3D Printed Bicycle Tire Not Full Of Hot Air

To show off its new TPU filament called PRO FLEX, BigRep GmbH posted a video showing a 3D printed bike tire that uses a flexible plastic structure instead of air. The video shows them driving the bike around Berlin.

According to the company, the filament will allow the creation of a large number of industrial objects not readily built with other types of plastic. Their release claims the material has high temperature resistance, low temperature impact resistance, and is highly durable. Applications include gear knobs, door handles, skateboard wheels, and other flexible parts that need to be durable.

The material has a Shore 98 A rating. By way of comparison, a shoe heel is typically about 80 on the same scale and an automobile tire is usually around 70 or so. The hard rubber wheels you find on shopping carts are about the same hardness rating as PRO FLEX.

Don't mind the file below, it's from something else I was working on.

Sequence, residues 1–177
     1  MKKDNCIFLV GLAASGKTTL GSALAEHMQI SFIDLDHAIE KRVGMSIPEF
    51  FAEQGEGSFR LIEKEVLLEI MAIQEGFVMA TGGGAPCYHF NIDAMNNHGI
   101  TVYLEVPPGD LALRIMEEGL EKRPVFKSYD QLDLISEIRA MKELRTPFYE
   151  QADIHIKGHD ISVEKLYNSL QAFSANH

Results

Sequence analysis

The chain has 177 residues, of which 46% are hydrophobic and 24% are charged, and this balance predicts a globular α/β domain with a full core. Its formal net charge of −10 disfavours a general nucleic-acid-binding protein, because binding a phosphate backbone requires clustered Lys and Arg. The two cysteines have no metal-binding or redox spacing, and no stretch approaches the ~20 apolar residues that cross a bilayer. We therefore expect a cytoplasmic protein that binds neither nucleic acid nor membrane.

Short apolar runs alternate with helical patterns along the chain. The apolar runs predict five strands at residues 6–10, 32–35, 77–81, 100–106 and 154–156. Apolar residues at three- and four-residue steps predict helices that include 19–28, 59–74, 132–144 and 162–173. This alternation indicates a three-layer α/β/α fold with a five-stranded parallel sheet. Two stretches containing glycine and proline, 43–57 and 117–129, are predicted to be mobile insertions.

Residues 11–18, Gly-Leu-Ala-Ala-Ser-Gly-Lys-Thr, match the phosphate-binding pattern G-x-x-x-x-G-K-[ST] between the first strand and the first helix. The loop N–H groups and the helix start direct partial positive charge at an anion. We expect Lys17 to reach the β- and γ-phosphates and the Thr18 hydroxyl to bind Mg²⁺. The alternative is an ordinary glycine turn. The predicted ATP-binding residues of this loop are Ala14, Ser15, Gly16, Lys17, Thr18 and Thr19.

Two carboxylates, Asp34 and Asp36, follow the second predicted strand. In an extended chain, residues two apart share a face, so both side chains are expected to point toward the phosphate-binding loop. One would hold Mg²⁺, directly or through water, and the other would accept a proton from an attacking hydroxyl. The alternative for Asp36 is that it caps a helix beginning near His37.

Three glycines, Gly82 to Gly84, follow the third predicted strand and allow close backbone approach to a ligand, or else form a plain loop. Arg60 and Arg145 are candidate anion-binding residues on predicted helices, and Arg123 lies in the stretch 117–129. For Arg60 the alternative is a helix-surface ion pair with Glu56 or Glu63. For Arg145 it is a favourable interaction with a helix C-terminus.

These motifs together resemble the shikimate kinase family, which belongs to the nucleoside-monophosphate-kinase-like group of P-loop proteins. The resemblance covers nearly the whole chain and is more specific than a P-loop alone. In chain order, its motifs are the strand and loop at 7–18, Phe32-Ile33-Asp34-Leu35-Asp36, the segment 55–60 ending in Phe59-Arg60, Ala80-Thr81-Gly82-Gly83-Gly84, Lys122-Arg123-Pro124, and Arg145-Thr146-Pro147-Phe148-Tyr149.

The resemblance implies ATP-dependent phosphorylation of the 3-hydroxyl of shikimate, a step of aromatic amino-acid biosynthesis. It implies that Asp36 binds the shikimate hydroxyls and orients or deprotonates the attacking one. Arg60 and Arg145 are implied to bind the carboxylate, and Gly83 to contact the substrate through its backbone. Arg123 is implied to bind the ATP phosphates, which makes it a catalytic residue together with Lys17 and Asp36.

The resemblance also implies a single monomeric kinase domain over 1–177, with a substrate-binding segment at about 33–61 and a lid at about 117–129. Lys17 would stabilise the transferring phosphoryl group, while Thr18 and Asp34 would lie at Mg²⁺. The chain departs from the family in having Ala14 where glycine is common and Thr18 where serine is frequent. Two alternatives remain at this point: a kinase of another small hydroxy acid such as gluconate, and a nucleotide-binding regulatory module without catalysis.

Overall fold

Obviously, a bicycle tire is going to take a big printer. BigRep is the company that makes the BigRep One which has a large build volume. Even with a wide diameter tip, though, be prepared to wait. One of their case studies is entitled, “Large Architectural Model 3D Printed in Only 11 Days.” Large, in this case, is a 1:50 scale model of a villa. Not tiny, but still.

We’ve looked at other large printers in the past including 3DMonstr, and the Gigimaker. Of course, the latest trend is printers with a practically infinite build volume.

29 thoughts on “3D Printed Bicycle Tire Not Full Of Hot Air

  1. I remember some 30 years ago having airless tyres on my push bike – holy shit were they crap – hard as rock and if it was hot day and you went to fast the tyre would separate from the rim and as long as you didnt try and go around a corner you were fine but high speed corners often met with rim on road and down I’d go.

    these look like they have a bit more flex than the lumps of rubber i used to have but with the high profile Im guesing high speed cornering would be a big no no! but alright for pottering around I guess.